The Red Layer
The distinctive shape of a cask is surely a classic design. Its enduring advantage, as relevant today as it was 2,000 years ago, as its large capacity, superior strength and high maneuverability.
A whisky cask weighs in at 200-250 kgs, up to a fifth of a ton when full. Yet, with surprising dexterity, the cask can be rolled from A to B, pivoted on its central axis, and precisely stowed away.
Empty, a cask can be ‘bounced’ upright from the horizontal, its extraordinary strength allows for stacking several high.This strength and dexterity is achieved by the famous belly shape of the barrel. To bend inch-thick oak to that required curve, without splitting, requires heat. In the initial cask assembly stage the staves are tightly arranged at one end, open rosette at the other. It is then toasted upright over a brazier.
Now malleable, the staves can be forced to bend without splitting by a pneumatically-pulled cable round the girth as hoops are hammered downwards (also by pneumatic pressure) before being repeated from the opposite end. The hoops maintain the taper and keep the cask together.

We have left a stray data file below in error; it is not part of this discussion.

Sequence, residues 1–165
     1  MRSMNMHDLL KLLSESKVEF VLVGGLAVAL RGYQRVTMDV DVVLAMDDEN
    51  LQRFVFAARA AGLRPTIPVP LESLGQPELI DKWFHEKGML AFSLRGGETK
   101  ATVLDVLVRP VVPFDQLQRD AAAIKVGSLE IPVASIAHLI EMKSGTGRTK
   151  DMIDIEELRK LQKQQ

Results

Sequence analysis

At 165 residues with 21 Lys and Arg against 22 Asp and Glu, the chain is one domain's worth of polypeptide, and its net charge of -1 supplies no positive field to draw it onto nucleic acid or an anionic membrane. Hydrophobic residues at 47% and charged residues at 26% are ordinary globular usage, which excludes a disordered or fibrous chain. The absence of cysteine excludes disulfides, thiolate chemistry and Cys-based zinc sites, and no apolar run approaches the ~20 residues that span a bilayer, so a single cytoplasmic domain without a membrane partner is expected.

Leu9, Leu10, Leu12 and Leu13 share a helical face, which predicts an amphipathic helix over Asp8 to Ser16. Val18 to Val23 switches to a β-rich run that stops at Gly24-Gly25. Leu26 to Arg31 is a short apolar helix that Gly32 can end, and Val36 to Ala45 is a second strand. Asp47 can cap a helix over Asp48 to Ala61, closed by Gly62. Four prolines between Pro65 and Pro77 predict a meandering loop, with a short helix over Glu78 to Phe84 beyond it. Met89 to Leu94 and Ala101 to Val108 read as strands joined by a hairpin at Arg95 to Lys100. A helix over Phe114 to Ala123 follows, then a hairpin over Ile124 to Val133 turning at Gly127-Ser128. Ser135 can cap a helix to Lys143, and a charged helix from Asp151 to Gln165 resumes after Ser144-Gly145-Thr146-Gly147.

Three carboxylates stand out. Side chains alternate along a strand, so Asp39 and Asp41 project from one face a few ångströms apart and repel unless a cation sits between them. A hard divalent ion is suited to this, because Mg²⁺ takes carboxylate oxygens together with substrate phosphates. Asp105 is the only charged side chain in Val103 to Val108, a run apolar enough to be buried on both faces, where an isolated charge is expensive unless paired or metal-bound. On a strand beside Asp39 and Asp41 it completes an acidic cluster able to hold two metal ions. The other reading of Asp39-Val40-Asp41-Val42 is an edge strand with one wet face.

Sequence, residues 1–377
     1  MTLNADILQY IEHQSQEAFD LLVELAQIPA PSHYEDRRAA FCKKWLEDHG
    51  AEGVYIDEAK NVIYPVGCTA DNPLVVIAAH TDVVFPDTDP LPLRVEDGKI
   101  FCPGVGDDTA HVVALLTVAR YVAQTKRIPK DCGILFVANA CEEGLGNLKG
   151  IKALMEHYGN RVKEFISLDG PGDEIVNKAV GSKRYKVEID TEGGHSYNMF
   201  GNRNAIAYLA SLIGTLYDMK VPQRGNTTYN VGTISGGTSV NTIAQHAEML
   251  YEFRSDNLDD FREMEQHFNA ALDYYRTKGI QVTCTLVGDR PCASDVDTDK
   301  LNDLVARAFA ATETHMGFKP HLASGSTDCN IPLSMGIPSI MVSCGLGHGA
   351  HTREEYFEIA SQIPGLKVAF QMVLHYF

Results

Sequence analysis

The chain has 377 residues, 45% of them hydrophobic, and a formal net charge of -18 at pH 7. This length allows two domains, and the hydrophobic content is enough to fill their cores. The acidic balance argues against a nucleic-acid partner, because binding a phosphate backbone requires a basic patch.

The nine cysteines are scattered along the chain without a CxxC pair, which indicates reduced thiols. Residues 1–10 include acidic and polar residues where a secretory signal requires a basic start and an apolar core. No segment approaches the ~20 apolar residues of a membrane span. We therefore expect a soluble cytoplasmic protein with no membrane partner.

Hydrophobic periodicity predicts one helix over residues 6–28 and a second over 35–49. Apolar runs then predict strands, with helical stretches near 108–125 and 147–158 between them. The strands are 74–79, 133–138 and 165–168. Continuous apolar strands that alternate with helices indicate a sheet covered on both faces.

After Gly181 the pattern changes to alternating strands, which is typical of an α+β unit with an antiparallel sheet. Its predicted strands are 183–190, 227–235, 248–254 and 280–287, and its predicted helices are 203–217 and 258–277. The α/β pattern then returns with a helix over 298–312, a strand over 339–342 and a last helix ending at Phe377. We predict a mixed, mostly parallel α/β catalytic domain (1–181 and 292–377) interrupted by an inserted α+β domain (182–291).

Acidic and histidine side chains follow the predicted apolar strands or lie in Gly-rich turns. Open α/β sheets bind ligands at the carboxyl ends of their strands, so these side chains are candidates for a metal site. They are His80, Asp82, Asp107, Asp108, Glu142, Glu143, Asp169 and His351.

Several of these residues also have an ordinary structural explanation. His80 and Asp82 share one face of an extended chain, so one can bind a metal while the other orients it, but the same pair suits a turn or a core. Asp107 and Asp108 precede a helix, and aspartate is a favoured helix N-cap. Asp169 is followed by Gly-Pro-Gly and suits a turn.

The toasting has a dual effect. Primarily, it enables the wood to be bent into shape. Secondarily, the toasting – depending on length and intensity of burn – will activate the oak.
A cross-section of Bourbon barrel stave after toasting shows three distinct layers. On the inside, facing the spirit, is a layer of (1) charcoal up to a couple of millimetres thick; (2) a darker, reddish band known as the red layer; (3) and the outer, paler, natural wood.
The two inner bands, the charcoal and red layer, come from the toasting process. The red layer, as far as the heat penetrated, is the ‘active’ layer where the wood’s structure is broken open allowing wood tannins to be readily extracted during maturation. Without this burning the effect would be markedly reduced.
The charcoal layer, depending on the intensity of the toasting phase, may be a mere singeing for French oak or it may be carbonised for American. The barrels’ destined usage will determine the level of charring. A heavy char filters out harsher components of bourbon distillation while French casks, generally destined for wine, are only very lightly toasted by comparison.
The cooperage at Radoux, France